In Defense of Diets

Posted by Maureen Harris on

Please Proceed to Baggage Claim

The word “diet” carries some pretty intense baggage.

Many people love diets and proudly hashtag away their diet of choice on their #foodstagram posts or yell from the rooftops how a given diet has changed their lives.

Others flatly declare that diets don’t work. End of story.

Some of us may wear the word “diet” like a cloak of comfort, not because diets are comfortable, of course, but because diets may be familiar. Or because the notion of going “off” a diet carries with it the fear of 30 lbs of overnight weight gain. For someone’s who’s been dieting since middle school, a diet may feel like a well-worn pair of slippers. Being a dieter has become part of that person’s self-identity. The diet becomes all-consuming, and it’s no longer an intentional, strategic, short-term activity.

For others, being perpetually on a diet is the channel through which they focus their feelings of inadequacy. For one of any number of reasons, a person may feel flawed and in need of fixing. Diets may seem like the solution. It’s unfortunately extraordinarily common for people to believe that they will only be pretty/likeable/lovable if, and only if, they lose 5 (or 10 or 50) lbs, and chasing diets seems like the appropriate means to go about working on that perceived obstacle to being whole or enough.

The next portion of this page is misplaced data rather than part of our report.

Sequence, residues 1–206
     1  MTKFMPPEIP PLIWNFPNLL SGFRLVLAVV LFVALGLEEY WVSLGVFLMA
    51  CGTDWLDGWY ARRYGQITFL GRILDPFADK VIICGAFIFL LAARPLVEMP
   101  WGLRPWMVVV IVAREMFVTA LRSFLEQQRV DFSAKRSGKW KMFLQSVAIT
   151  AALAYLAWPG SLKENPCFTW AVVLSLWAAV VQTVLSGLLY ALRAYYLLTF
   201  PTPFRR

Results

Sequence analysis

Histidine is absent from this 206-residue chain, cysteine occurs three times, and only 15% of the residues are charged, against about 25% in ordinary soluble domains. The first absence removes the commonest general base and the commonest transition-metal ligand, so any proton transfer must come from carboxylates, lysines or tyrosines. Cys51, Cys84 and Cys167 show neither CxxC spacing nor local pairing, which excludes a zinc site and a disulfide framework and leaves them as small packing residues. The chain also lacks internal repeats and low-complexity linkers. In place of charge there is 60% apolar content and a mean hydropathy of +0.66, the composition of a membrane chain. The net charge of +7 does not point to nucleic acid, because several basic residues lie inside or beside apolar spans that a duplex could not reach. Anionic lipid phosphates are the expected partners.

For some, the notion of a diet stirs up nauseating feelings of being imprisoned by “shoulds” and “can’ts”.

Others may have had dangerous dips into disordered eating or eating disorders, and the idea of any kind of regimented eating invokes terror of relapse into self-harming patterns.

Some people have a visceral rejection of anything that involves an imposition of rule or restriction.

Maybe you can relate to some of these feelings?

Definition vs. Connotation: Semantics Matter

Adding to that baggage, the word “diet”—and the topic of food choice more generally—has become extraordinarily inflammatory. Talking about diets can easily spark an argument or make people defensive and uncomfortable. Some people lambaste a given diet as stupid, while others dogmatically declare that another diet is the best and only diet for everyone.